Despite McCaslin’s extensive, acclaimed career — he grew up gigging with his father’s jazz ensembles in Santa Cruz, California, attended Boston’s esteemed Berklee College of Music, and began his recording career in the late ’90s — collaborating with Bowie altered how he approached his craft. “His aesthetic in the studio was, ‘Go for what you’re hearing, don’t worry about what it’s going to be called or categorized as,'” McCaslin recalls of the late icon. “‘Let’s have some fun. Let’s make some music.'” With the expansive, diverse Blow., McCaslin takes Bowie’s philosophy to heart.
McCaslin hinted at his new direction earlier this summer with the release of the project’s first single “What About the Body,” a sizzling cut that blends alt-rock, jazz, and politically suggestive lyrics from singer-songwriter Ryan Dahle (Limblifter, Mounties) for a potent product — but it’s just one of the many flavors he explores on the diverse record.
Supported by a top-notch cast of musicians that includes Sun Kil Moon’s Mark Kozelek, Blackstar bandmate Tim Lefebvre, and fellow Bowie collaborator Gail Ann Dorsey, McCaslin applies his jazz roots in thrilling ways throughout Blow.’s hour runtime. “The idea was to just really go for exploring these collaborations and documenting everything,” explains McCaslin, adding that the project had a “good gestation process” and developed “in a way that didn’t feel rushed.”
McCaslin emphasizes Blow.’s “wide range of moods,” and some of them — like the driving, 10-minute instrumental “Break the Bond” or the chaotic and appropriately titled “Exactlyfourminutesofimprovisedmusic” — will sound familiar to longtime McCaslin fans. Others, not so much. “Tempest,” a searing blast of prog-punk, clocks in at only 79 seconds and features off-the-cuff vocals from Jeff Taylor. Dorsey’s soulful pipes complete the downtempo quiet storm of closer “Eye of the Beholder.” And Kozelek — who McCaslin met and performed with when their tour itineraries recently intersected in Australia — delivers a hyper-detailed, characteristically batty narrative on “The Opener” to accompany an instrumental influenced by Beastie Boys and A Tribe Called Quest.
Naturally, McCaslin’s horn unites Blow.’s disparate elements, though not in the way one might expect. Thinking back to the Blackstar sessions, McCaslin remembers how Bowie urged him to manipulate his instrument’s sound, to create “different loops and textures” while improvising. “That really stuck with me” says McCaslin. “It’s such a big part of what I’m doing now, how I integrate the electronics and the saxophone.”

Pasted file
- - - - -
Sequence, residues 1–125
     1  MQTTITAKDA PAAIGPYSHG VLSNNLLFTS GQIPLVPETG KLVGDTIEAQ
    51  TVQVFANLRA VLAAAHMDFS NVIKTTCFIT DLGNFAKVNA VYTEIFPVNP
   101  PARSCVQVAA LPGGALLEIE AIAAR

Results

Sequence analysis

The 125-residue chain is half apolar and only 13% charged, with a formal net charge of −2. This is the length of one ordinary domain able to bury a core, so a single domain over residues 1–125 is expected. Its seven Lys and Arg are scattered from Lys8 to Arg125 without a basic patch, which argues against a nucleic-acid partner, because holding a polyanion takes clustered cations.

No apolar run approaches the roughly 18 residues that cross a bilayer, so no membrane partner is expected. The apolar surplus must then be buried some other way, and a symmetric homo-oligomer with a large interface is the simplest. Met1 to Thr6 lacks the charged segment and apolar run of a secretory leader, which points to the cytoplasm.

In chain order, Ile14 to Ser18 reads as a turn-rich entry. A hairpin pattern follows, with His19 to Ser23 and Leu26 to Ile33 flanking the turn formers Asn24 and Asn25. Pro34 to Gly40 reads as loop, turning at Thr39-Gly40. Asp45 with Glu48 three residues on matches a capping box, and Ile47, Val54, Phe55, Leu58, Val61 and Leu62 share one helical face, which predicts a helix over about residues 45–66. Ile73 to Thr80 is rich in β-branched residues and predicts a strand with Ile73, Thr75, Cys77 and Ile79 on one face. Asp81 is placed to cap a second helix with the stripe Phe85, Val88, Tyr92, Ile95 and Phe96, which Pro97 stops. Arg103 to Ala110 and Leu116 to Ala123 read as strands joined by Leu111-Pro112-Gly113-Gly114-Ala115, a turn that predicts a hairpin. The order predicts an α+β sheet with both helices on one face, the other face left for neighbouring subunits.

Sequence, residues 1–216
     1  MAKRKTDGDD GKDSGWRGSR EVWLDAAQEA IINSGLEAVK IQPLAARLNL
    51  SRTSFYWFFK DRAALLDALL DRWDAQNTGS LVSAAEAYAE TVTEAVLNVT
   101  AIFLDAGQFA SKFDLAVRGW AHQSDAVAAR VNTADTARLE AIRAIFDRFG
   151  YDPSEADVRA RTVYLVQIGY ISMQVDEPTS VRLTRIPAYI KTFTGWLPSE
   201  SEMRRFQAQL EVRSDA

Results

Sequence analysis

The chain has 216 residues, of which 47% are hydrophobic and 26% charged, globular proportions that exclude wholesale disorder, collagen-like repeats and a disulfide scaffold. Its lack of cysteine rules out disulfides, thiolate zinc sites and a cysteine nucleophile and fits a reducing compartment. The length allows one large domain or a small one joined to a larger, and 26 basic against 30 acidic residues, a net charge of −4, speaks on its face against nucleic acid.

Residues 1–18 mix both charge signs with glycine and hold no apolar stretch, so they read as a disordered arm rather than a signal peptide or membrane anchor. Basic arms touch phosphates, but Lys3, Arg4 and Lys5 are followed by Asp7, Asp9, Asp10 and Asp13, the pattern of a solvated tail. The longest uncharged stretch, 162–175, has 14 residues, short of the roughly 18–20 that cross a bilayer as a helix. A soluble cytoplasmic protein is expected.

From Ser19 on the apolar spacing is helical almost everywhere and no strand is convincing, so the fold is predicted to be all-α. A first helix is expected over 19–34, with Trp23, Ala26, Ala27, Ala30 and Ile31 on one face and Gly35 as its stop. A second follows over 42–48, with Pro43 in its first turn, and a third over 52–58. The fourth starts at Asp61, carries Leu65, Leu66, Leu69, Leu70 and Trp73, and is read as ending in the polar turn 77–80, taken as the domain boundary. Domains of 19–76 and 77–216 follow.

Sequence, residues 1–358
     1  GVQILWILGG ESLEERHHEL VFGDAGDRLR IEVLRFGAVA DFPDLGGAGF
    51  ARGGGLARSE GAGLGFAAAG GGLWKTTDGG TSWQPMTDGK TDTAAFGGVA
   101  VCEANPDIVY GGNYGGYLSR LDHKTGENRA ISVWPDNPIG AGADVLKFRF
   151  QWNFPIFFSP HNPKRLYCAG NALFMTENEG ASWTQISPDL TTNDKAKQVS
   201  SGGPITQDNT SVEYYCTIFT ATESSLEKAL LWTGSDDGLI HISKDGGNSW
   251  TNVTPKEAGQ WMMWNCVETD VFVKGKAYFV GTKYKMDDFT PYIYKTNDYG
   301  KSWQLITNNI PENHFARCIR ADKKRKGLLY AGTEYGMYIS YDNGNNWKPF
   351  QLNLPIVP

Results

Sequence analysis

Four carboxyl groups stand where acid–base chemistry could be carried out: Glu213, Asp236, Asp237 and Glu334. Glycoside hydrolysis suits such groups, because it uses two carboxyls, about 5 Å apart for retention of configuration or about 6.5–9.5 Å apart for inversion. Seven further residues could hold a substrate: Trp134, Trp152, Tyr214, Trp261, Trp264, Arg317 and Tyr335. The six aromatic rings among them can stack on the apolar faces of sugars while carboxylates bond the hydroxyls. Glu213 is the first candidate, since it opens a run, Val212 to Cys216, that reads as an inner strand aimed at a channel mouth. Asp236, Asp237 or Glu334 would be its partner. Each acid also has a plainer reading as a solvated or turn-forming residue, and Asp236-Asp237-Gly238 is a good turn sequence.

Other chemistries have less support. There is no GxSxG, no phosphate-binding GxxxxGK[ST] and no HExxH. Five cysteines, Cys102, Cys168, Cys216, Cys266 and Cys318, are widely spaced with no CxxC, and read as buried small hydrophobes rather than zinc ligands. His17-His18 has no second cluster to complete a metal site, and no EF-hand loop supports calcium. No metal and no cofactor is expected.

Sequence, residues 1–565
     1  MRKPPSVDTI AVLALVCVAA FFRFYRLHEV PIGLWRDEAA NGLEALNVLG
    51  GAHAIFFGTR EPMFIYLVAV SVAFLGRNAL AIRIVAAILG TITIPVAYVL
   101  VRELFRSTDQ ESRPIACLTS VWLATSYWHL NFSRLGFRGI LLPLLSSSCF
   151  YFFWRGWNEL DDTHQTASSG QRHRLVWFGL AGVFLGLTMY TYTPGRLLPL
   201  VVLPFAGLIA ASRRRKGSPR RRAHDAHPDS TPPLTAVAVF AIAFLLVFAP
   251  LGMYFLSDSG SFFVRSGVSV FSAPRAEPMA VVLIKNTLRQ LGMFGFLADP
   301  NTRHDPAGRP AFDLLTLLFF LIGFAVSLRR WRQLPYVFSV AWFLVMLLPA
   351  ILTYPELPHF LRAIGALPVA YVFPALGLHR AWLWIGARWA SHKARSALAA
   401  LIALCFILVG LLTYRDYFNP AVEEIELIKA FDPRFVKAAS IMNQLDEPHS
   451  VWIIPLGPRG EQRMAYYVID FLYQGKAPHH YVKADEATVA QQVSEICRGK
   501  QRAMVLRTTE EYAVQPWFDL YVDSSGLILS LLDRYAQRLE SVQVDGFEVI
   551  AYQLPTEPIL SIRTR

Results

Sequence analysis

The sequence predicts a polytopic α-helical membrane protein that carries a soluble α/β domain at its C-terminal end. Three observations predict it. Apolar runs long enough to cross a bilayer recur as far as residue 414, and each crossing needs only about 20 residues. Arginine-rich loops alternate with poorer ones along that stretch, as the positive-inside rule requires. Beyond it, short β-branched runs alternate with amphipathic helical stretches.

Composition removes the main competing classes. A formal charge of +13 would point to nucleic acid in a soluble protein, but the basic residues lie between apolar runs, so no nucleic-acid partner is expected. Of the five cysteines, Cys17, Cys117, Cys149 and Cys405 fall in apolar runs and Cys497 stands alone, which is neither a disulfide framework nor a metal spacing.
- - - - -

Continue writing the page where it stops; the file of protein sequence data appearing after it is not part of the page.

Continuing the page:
According to McCaslin, the “natural progression” that led to Blow. began with 2016’s Beyond Now. Compromised of originals written after Blackstar’s recording but before Bowie’s death, as well as covers of Bowie, Mutemath, and Deadmau5, the record contains what McCaslin describes as “the seed” that grew into Blow.: His moody, electro-tinged rendition of Bowie’s “A Small Plot of Land.” “That’s the connecting point for what I’m doing now,” he says.
But because McCaslin recorded Beyond Now nearly immediately after Bowie’s death, it didn’t capture Blackstar’s full influence on his playing and writing — it took months of relentless touring for those lessons to seep in. “I was hearing something different and trying to explore what that was,” he reveals. “The direction of this record is something I wouldn’t have imagined myself doing 10 years ago. But having the opportunity to play so much and then see where my creative imagination would go, and to be in that space for a lot longer, led me down this new pathway.” Adds McCaslin: “Because we had been playing so much, it felt pretty natural just to go into the studio and do this.”
Once he got down to business on Blow. pre-production in the fall 2017, McCaslin says producer Steve Wall (Lucius, Tall Heights) began to conceptually tie the album’s many diverse styles together. “He’s very methodical and deliberate. I give a lot of credit to Steve,” McCaslin shares, “he had a vision for this album from the beginning and was right there working with me as the music developed. He’s a unique talent and he does it all; engineering, mixing, song writing, producing, sound design.”
Vocals also play a crucial role on Blow., in ways that they haven’t previously in McCaslin’s career. “There’s so much that’s possible,” he realized after the Blackstar sessions. “Why don’t I make a vocal record?” Besides his fruitful collaborations with Taylor, Dorsey, and Kozelek, McCaslin teamed with Dahle on “What About the Body” and three other tracks — “New Kindness,” “Club Kidd,” and “Great Destroyer” — that constitute the album’s emotional core.
“There’s some social commentary” on “New Kindness,” says McCaslin, likening the song’s themes of partisan polarization to those on “What About the Body.” “At least from my perspective, we’re in a really f—ed-up time in this country — sorry for the French,” he notes wryly. “What’s going to get us out of this? Maybe it’s new kindness. I think that’s something that’s really timely and really powerful.” “Club Kidd,” meanwhile, unites two unlikely topics — bee migration and McCaslin’s own experiences as a college student going to club shows — for a unique, intricate result.
Ultimately, McCaslin returns repeatedly to a specific phrase: “new territory.” Along with his bandmates, he’s propelling his music to places that seemed unreachable — to the extent that he’d even conceived of them —just a few years ago. And Blow. isn’t the endpoint. “The live show is really evolving,” says McCaslin, thrilled to share his fresh material with audiences around the world. “It’s going to continue to evolve and we have this vision of how it’s going to evolve. It’s going to be much different from what it has been.” Recent years have been a whirlwind for McCaslin, but Blow. proves he’s ready for his next chapter: “Going all in with new territory is really stimulating to me.”